1 March 2013 0 Comments

More on “When The Premium Stops”: Universal Life

family celebrates winterIn my post on February 2, I started a discussion of what happens when premium payments are stopped and how this does not necessarily mean that insurance stops.  I started with Whole Life.  Now it’s on to Universal Life.

Universal Life (UL) does not have a stipulated premium that must be paid, so there is no Automatic Premium loan provision available as there is with Whole Life.  Although there is not a required premium with UL, there is a planned premium.  The planned premium is what the policy owner intends to pay in order for the policy to perform as planned.  If the planned premium is not paid it does not mean that the policy will terminate.  As long as the policy’s cash values are sufficient to cover administrative charges and cost of insurance (COI), the policy will remain in force for the full face amount.  Some UL policies even include a provision that continues the coverage when there are no cash values…more on that shortly.

This continuation of the full death benefit for a period of time when planned premiums are discontinued is similar to the “Extended Term” non-forfeiture option available with whole life—with one major difference.  If the UL planned premium has been discontinued and the death benefit is still in force, premium may be restarted in order to extend the death benefit.  That is what the Extended Term option in whole life policies does not allow.  Once that whole Life option has been elected, there is no way to continue coverage beyond the original term extension.

This premium flexibility in the UL provides a great planning tool.  To illustrate, here’s an actual case:  The insured has a $300,000 UL policy that he intends to keep in force until he dies.  He just turned age 70 and is in good health.  The current monthly premium is $110 which, if he continues to pay, guarantees the $300,000 death benefit through age 121.  If, instead, he discontinues paying premiums today, the death benefit is guaranteed to continue through age 95.  If he continues to pay premiums and later on decides to discontinue premiums, the guarantee period will extend further.  He could also reduce the premium to less than $110 per month.  If it appears that he will live beyond the extension period, premiums can be resumed at any time.  The amount required will depend on for how long the premium recess went on and to what age the guarantee is to be extended.  Each year the policy statement he receives from the insurance company will inform him of the duration of coverage guarantee assuming premiums are discontinued.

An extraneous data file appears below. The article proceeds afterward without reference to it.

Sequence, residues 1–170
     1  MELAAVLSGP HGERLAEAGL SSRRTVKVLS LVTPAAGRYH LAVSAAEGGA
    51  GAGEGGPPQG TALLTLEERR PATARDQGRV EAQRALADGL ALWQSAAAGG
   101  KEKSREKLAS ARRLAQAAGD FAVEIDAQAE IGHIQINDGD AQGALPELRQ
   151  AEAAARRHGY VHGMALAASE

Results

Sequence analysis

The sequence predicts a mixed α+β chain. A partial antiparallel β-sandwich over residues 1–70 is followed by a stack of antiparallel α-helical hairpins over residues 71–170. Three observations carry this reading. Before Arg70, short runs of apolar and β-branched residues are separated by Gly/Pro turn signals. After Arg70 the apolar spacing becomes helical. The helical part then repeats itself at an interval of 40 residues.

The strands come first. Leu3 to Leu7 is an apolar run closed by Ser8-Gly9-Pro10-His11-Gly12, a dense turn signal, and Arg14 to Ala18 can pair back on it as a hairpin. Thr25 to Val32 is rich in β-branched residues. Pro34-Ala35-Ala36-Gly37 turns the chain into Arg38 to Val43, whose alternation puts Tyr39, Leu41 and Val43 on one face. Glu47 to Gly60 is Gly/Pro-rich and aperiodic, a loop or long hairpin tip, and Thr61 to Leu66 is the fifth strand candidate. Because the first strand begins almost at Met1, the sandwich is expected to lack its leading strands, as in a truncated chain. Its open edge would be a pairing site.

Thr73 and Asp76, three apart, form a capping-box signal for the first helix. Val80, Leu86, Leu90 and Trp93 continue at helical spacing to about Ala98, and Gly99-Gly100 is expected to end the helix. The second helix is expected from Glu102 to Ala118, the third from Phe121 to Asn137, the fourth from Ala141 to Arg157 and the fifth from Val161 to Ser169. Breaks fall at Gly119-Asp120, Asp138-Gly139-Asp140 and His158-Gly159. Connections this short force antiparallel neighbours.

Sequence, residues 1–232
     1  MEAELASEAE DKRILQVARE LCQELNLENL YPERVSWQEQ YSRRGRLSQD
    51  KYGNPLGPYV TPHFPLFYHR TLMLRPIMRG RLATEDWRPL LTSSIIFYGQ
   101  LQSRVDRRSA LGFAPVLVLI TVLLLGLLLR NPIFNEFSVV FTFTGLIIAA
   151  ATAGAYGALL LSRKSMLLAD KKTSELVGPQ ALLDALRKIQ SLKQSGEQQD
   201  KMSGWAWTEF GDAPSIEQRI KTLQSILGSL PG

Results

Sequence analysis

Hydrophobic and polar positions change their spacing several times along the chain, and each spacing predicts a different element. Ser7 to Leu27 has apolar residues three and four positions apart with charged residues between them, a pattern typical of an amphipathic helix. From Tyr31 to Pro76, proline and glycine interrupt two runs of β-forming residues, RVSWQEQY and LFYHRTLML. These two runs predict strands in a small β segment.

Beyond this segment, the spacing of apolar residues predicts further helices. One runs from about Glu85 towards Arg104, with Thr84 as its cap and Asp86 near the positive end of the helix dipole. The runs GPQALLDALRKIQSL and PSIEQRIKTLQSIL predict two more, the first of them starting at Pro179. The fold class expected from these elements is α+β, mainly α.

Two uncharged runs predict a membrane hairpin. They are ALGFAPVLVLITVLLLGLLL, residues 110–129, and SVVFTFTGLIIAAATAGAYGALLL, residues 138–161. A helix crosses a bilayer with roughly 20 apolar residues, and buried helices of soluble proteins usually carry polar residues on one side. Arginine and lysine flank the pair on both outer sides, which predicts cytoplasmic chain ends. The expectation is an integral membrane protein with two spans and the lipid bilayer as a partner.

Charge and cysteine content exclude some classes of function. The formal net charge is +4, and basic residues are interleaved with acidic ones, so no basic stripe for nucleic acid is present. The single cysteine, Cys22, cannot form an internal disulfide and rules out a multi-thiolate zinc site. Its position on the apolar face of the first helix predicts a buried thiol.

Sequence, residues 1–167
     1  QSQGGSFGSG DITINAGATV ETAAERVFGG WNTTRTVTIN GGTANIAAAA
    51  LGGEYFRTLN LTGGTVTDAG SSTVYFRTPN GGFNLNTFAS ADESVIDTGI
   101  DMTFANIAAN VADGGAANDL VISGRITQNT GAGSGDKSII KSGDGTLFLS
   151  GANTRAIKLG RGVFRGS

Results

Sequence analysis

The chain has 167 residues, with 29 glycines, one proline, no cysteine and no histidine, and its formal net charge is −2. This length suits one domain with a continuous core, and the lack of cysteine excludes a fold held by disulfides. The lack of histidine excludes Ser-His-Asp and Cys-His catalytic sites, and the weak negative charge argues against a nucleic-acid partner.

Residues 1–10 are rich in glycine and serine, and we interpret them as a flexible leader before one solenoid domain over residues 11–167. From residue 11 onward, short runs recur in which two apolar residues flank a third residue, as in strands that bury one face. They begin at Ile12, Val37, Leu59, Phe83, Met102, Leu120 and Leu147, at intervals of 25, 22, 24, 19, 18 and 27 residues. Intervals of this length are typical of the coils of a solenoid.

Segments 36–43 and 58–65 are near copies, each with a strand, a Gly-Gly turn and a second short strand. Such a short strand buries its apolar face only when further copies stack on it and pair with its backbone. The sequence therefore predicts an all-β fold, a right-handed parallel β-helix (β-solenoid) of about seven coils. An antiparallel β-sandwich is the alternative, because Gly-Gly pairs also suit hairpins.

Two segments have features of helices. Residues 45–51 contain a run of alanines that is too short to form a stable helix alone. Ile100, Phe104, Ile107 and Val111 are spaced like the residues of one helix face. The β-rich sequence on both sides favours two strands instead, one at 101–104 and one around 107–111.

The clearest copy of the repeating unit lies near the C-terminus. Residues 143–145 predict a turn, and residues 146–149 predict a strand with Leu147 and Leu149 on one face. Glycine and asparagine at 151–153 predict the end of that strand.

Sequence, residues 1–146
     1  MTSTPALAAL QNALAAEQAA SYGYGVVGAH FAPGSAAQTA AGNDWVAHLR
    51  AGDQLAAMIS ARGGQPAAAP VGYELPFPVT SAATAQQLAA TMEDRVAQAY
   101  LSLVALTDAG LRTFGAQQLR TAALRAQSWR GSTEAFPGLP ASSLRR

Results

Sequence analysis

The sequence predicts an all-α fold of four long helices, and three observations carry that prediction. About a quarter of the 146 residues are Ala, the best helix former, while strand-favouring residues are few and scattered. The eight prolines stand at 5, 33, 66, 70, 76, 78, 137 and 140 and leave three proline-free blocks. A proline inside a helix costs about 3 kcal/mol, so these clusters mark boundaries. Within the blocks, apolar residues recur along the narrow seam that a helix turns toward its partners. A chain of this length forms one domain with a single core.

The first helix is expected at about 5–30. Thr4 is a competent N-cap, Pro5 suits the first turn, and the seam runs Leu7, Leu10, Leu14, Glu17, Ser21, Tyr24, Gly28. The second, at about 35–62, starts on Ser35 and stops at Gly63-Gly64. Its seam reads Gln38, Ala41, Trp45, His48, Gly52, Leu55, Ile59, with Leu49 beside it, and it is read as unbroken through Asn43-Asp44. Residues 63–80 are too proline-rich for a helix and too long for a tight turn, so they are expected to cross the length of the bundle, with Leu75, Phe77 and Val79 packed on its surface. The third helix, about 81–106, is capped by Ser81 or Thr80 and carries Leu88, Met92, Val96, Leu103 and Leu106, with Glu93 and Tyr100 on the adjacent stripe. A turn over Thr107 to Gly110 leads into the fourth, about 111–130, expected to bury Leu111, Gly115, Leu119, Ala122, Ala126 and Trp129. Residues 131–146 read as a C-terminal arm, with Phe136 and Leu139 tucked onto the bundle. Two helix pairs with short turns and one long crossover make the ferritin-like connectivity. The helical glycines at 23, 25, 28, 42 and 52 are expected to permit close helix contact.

Above, I mentioned that some UL policies will guarantee death benefits even when there are no cash values. This policy is one of those.  It includes a lapse protection rider which continues protection even if the policy’s cash values are totally depleted.  The rider generates a secondary cash account, based on higher interest and lower COI factors.  This cash account is not available for any purpose other than to provide death benefits, but does a great job of improving death benefit guarantees.   Essentially, with this rider UL can be structured to perform like term insurance to any age.

Coming up, I’ll share some thoughts my wife and I had after seeing the movie, “56 Up.”

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